I have only a few minutes this morning. We have to get rolling to make Calgary by any decent hour.

Because this update is so rushed I will save the major thoughts about our experiences so far for another post once I get to Yellowknife. There is just way too much to tell and no time to do it.

For this morning, I just want to get across one point.

Yesterday we stopped at Old Faithful. There were a few hundred people standing around the barrier that keeps the stupid and the brave away from the thermal vent. The appointed time came, the geyser did what geysers do. I stood and watched the hot water and steam mixing with the snow fall and the fog and listening. I was not listening to the geyser. I was listening to the people.

The number one remark I heard was, "Is that it?". Even Tyler remarked that he was disappointed.

We had just witnessed a truly remarkable thing. This geyser spouts it's contents about 70 ft. into the air at semi-regular intervals. It has been doing this for as long as anyone can know. This is an awesome thing. The mechanism at work builds pressure in an antechamber until some block, plug, or something can no longer contain it. When that critical pressure is reached, Old Faithful vents for about 5 minutes. That in itself is enough of a mystery to fuel my sense of wonder.

Because so many people hear so much about the geyser, they expect more. They want, to quote Marvin the Martian, an "Earth shattering kaboom". When you come to Yellowstone please do not let your preconceived notions, formed by media hype and well meaning mentors, cloud your perception of beauty. Take it for what it is: marvelous, mysterious, and wonderful. It is not, and never has been, a towering display of power.

Stay tuned. More to come...

Friday, June 6, 2008

Snow in June

Finally a little update as day three dawns.

The trip is well and truly underway now. As I write this I am looking at the sun coming up over some hills just outside of Grand Junction, Colorado. I see purple, orange, blue of several shades, and what can only be described as the color of a ripe peach. In the length of time it took to write that I can now add orange sherbet the pallet.

Packing the car proved to take a bit longer than I had anticipated. We departed my house at 10:00 a.m. on Tuesday morning. That was only about 3 hours later than my "planned" departure time. That has set the pace for the entire trip so far.

(Add neon red to the array of colors in this sunrise. Gorgeous.)

Killough Monument

Our first stop was Killough Monument.

The monument marks the approximate spot of the most deadly Indian attack in East Texas. Eighteen people were killed or captured into slavery. Some were never found so it is hard to say just exactly what the fate of some may have been. The monument is located about seven miles from my home. If you ever stop by to see Killough Massacre Monument, let me know; you are welcome at my house.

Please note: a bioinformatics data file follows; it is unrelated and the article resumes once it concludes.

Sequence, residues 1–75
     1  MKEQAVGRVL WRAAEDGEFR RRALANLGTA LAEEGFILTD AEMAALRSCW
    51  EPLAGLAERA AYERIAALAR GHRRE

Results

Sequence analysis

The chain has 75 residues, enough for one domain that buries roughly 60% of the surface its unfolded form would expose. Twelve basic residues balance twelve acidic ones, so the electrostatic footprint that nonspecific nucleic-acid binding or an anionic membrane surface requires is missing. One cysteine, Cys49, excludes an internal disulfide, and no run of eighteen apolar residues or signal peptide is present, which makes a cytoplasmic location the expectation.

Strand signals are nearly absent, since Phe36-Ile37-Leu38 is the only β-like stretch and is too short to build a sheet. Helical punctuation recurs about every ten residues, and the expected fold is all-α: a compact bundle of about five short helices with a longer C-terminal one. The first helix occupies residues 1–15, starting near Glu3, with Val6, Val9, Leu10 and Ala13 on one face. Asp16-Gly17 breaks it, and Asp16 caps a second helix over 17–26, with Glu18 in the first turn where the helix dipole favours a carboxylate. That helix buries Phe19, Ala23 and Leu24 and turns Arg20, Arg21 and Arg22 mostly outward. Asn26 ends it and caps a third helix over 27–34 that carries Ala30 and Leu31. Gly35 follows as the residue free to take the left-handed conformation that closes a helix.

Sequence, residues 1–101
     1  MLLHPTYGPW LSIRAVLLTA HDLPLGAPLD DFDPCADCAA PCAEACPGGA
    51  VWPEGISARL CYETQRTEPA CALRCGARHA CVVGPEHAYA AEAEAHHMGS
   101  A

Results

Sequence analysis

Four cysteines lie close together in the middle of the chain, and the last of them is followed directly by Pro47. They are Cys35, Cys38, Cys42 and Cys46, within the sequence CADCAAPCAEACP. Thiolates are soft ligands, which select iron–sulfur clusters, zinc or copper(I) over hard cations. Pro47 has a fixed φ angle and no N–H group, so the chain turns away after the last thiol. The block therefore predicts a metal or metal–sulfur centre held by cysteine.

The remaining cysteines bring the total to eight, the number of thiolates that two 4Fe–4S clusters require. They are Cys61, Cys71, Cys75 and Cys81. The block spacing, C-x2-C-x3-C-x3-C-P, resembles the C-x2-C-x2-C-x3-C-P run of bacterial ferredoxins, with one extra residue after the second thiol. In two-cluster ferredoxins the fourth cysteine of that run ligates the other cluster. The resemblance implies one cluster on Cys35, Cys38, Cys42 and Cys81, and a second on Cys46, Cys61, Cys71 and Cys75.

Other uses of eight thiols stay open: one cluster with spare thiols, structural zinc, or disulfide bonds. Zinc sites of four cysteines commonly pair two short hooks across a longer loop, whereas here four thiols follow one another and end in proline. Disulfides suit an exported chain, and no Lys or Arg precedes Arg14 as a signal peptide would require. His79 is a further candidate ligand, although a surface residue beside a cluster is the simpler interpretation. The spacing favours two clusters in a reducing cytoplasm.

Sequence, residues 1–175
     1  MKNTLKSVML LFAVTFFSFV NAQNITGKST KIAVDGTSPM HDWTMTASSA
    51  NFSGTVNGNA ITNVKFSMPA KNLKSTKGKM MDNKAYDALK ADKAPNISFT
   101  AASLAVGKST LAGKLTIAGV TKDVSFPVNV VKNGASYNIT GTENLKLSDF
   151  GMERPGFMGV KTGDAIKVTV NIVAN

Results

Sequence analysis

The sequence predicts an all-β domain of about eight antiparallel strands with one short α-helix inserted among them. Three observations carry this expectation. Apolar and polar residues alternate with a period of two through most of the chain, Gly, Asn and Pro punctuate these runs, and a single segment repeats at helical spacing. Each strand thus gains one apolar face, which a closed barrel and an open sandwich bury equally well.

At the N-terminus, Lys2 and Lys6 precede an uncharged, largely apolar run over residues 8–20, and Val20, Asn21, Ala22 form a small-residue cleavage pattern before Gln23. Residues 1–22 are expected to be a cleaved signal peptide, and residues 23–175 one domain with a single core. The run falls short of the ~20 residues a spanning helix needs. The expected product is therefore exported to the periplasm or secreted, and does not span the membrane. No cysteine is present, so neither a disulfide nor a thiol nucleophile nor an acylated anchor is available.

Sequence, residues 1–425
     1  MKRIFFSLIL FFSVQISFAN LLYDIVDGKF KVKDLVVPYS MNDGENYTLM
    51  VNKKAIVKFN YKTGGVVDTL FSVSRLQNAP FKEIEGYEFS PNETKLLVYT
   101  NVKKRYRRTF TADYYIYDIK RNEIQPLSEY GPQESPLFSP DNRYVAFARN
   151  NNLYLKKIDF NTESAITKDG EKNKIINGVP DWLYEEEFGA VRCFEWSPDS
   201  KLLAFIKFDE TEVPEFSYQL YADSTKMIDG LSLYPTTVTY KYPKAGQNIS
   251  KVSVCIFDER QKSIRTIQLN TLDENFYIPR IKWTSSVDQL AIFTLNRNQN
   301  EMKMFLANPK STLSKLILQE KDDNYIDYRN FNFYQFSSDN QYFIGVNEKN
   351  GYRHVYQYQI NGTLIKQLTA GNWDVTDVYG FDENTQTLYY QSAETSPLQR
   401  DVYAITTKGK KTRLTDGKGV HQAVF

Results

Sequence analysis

(The sun is almost above the rim of the hills. The colors are muted. The clouds have just passed from pale yellow to dingy white.)

The first day was a meandering path across central Texas to avoid the DFW Metroplex. It took a little longer but was well worth the time. We stopped for fresh veggies and peaches at a little stand in Athens, TX. Very friendly lady who overpriced her wares by about 40%. That's OK. We needed the fresh squash and she needed the money.

We passed through the wind farms that stretch from Abilene to Lubbock. An entire service industry has grownup in the area to supply the needs of the contractors building the giant turbines on a stick. I heard on the Wall Street Journal Morning Report just a few weeks ago that Texas is the number one producer of wind generated power in the US at 600 Megawatts. At the rate they are building out here in the panhandle that figure is going to grow substantially.

The first day ended at Post, Texas in a Budget Inn. We had been fitting a very stiff wind all day. The air conditioner in the Mule will never win any prizes for efficiency. It is barely adequate to compensate for the Texas heat but we glad to have the cool air it could provide.

Cadillac Ranch was on the agenda for a visit on the second morning. We came. We saw. We photographed.

In Logan, NM, we stopped at the A1 Muffler Shop to attend to a broken exhaust hanger. That stop turned out to be one of the highlights of the trip. The older couple running the A1 Muffler Shop were friendly, gracious, and gregarious to a fault. The old man fixed the drooping exhaust, filled the transmission with ATF, and calculated that I owed him $32. I gave him forty. It was money well spent. I needed the repair and they desperately needed the money. Experiences like this are why I travel on old mules along paths others shun.

We stayed the second night in Cimmaron Canyon State Park. $10 to throw up a tent. It is about 80 miles from Taos so we had not traveled as far as I would have liked on the second day.

The third day dawned overcast and cold. The closer we got to Taos, the colder it got. It started to snow. It snowed heavily. It snowed in every mountain pass all morning long. It turned to rain before we got Grand Junction. This morning is beautiful.

(The sun is fully up now. We have to get on the road. More later)

Here are some pictures of wind turbines and cogs. More pictures and words later.